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Dublin: Front Line launches 2011 Annual Report which analyses the global situation for human rights defenders
On 25 March 2011, Front Line launched its second Annual Report on Human Rights Defenders which highlights global trends and developments in the situation of human rights defenders in 2010 and analyses the situation in each region of the world.
The Report highlights the fact that despite some positive developments and the wave of uprising sweeping across the Middle East at year end, overall 2010 was not a good year for human rights defenders who continued to face harassment and repression in many countries.
From Front Line Annual Report 2011 - Global Trends:
We cannot but start this year’s overview by mentioning the historic developments taking place in the Middle East and North Africa (MENA). The spontaneous protests that started in Tunisia in December 2010 have spread to the entire region and beyond. The ousting of President Ben Ali in Tunisia and President Mubarak in Egypt has given courage and hope to thousands of protesters and pro-democracy activists, human rights defenders (HRDs) and ordinary citizens in neighbouring countries. While protests were far from ending at the time of writing, important results have already been achieved. In Bahrain, more than 300 political prisoners including several human rights defenders were released from prison on 23 February 2011. A day later, the state of emergency that granted the Algerian military extra-ordinary powers was finally lifted after 19 years. In Yemen, the President announced a transition to a parliamentary democracy. These events are inspiring civil society in countries beyond the Middle East and North Africa. Authoritarian governments however have already started acting preemptively in the hope of avoiding similar mass-scale protests. In Zimbabwe, more than 40 people were put on trial on charges of treason for watching videos of the protests in Egypt and the presence of security forces patrolling the streets was reinforced. In China, anonymous online calls from an overseas website for people to participate in a so-called ‘Jasmine Revolution’ – to consist of peacefully gathering on Sundays for walks in major towns and cities – prompted an intense crackdown and more than 20 HRDs were arrested or disappeared...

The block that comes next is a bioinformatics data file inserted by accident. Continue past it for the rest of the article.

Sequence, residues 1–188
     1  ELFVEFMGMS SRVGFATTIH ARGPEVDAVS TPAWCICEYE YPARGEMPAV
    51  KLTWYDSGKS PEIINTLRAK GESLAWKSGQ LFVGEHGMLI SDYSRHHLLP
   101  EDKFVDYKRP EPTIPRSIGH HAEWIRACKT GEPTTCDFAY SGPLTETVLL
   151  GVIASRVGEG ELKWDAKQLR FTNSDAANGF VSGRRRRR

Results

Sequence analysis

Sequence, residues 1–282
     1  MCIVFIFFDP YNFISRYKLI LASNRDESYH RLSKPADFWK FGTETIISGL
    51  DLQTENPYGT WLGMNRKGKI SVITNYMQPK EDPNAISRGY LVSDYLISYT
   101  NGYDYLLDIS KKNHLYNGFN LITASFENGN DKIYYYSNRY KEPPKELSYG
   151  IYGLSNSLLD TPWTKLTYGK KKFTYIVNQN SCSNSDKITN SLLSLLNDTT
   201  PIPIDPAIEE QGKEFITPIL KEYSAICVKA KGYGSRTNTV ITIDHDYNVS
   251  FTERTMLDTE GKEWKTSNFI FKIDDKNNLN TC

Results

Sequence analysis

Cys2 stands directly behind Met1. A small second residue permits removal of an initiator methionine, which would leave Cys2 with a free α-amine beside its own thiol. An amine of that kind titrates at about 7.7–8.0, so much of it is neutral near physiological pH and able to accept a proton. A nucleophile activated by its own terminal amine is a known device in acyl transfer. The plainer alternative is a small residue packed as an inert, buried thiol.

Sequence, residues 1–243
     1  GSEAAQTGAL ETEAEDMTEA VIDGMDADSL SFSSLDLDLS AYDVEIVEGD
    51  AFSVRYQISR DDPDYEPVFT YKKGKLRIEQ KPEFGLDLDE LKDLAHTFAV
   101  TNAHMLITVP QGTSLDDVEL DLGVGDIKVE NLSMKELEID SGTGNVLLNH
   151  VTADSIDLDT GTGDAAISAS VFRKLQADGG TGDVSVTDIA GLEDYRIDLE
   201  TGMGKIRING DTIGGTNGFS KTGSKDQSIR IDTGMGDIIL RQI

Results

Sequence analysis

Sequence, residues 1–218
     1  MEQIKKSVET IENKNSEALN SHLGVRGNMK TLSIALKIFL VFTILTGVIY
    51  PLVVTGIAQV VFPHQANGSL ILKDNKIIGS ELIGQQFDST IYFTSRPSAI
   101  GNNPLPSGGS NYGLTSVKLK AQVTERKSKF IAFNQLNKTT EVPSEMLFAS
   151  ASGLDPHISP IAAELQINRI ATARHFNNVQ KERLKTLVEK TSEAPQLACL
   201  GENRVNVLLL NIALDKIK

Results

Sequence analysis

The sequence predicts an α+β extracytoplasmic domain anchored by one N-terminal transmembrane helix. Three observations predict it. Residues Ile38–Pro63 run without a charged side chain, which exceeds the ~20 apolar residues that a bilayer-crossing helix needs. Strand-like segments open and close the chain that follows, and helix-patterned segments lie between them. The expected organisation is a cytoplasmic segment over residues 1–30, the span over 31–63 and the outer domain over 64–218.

The full text of the report is attached as a PDF.